I ran into Paolo, the bank teller, out on via Garibaldi.  

“No work today,” he told me.   “Those idiots from Bergamo [owners of the bank] didn’t listen to us when they were designing the interior.   We told them, ‘Put the electric outlets up high.’   They said, “What the hell do you guys know?’   So now all the electric outlets are under water and if we turn on the computers, everything will go poof.   All they needed to do was put the outlets higher, but nooooooo…”  

For the record, his plan for the day  wasn’t altered all that much, because I went past a few hours later when the water had begun to subside and there he was at his teller’s window, working away.   High water — unfortunately, if you really want the day off — does not last forever.

Like virtually all Venetians, he took it all in stride.  If he has time to think about the street, he clearly isn't worried about his house.

Like virtually all Venetians, he took it all in stride. If he has time to think about the street, he clearly isn't worried about his house.

Walking back to the house, I passed a man who was sweeping the water toward the canal.   I paused.   He was sweeping the pavement of a large street which was still very much under water — hence the water was not being removed, only shifted.   This required investigation.

“Dogs,” he said briskly, smiling.   “High water is really a good thing for Venice.     It doesn’t hurt anybody.   And it takes away the smell so dogs don’t go looking for someplace where another dog has ever pooped.”

I recalled having heard a similar comment from Arrigo Cipriani (of Harry’s Bar) when I interviewed him years ago.   A native Venetian, he too wasn’t especially impressed by high water.   “It’s a great way to get the streets clean,” he declared.  

Back in the old days nobody's mother would have carried any child who could walk.  Here's a woman thanking God that she stopped at having two.

Back in the old days no mother would have carried any child who could walk. Here's a woman thanking God that she stopped at having two.

“High water was a delight for us when we were kids,” Lino has told me more than once.   “But it never made any sense — we’d be in school and the teachers would say  ‘There’s high water!   Everybody go home!’   And so we’d walk home in the high water;  you can imagine what kind of state we were in  by the time we got there.   Soaking wet right up to here.”   (He indicates his collarbone.)   “What sense did that make, sending us home because there was high water?  In just another hour, the water  went down anyway.”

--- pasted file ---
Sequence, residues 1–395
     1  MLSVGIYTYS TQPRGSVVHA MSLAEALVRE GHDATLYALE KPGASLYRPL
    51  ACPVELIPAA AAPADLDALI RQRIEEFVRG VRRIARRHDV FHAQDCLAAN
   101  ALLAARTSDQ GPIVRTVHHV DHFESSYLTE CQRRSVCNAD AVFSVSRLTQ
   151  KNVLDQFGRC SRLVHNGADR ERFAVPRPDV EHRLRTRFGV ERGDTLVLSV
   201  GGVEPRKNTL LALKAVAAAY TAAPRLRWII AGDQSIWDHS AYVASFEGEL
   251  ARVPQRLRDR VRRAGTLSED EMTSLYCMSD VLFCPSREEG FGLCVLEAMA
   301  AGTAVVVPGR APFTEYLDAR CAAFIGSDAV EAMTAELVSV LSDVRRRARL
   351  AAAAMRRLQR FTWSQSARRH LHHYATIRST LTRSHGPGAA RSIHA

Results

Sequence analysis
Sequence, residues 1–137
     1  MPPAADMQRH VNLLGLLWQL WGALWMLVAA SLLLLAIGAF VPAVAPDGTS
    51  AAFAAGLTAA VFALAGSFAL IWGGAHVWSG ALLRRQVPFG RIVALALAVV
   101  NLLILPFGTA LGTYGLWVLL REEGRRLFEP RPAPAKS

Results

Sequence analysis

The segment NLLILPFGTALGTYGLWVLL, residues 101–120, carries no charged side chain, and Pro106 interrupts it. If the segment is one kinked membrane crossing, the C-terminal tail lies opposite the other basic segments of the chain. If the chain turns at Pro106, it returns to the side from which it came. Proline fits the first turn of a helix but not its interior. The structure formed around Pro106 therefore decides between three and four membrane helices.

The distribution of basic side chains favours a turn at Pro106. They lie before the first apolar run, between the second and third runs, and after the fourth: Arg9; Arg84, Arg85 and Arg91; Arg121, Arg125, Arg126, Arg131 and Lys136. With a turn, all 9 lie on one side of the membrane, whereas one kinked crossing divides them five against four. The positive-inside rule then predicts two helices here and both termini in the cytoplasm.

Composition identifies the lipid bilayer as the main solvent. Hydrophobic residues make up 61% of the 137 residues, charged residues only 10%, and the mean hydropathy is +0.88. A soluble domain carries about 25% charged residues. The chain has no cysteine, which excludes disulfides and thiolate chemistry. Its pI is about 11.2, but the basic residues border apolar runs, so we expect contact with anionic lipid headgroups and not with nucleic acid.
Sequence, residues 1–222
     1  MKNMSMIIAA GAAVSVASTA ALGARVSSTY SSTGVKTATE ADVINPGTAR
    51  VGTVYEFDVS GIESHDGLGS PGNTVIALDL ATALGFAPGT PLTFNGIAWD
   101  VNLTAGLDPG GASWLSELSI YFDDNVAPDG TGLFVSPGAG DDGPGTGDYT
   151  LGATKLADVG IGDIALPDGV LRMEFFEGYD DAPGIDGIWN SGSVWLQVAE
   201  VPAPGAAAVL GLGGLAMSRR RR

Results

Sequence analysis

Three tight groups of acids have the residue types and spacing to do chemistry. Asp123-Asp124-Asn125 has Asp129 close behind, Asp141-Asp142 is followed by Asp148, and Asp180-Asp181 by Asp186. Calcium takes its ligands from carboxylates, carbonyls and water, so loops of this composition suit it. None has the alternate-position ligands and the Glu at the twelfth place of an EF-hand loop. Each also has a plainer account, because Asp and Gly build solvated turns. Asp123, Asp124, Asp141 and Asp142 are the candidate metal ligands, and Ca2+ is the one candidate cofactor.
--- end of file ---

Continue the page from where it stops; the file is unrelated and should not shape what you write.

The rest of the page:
No boots in the old days, either.  “Boots?    Who had boots?   Boots are a newfangled thing that began  to come in after 1966.   We went home  barefoot, carrying our shoes.”

Clearly a few people can still figure out how to get where they're going without boots.

Clearly a few people can still figure out how to get where they're going without boots.

I too, may I note, have walked home barefoot in high water.   More than once.   I can’t understand people who stand there  at the water’s edge looking trapped and helpless like lemurs on a raft in the middle of the ocean.   Just take your shoes off and get going!   Besides, I can attest that the water is virtually always warm (if that helps to convince you.)   The scirocco wind is warm, and we haven’t even had a real cold snap yet.   How cold could the water be?   Get a grip, people.

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Categories : Venetian-ness, Water

Comments

  1. John Garrett says:

    Venezia, civilta anfibia.

  2. John Garrett says:

    A second thought – does anyone suppose that the increased frequency of acqua alta has anything to do with replacing the gold ring formerly used in the Ascension Day wedding of Venice with the sea with a wreath? Going back to the gold ring would cost a lot less than MOSE and doing both would only increase the total cost a tiny bit.

  3. Kent Kobersteen says:

    Great stuff, EZ — observations, words and pictures. Somehow reminds me of winter in Minnesota. The water is in a different state, but its effect, and the mentality of the people, is similar. Gimmie’ a sunny day, and horsemeat and red wine, any day!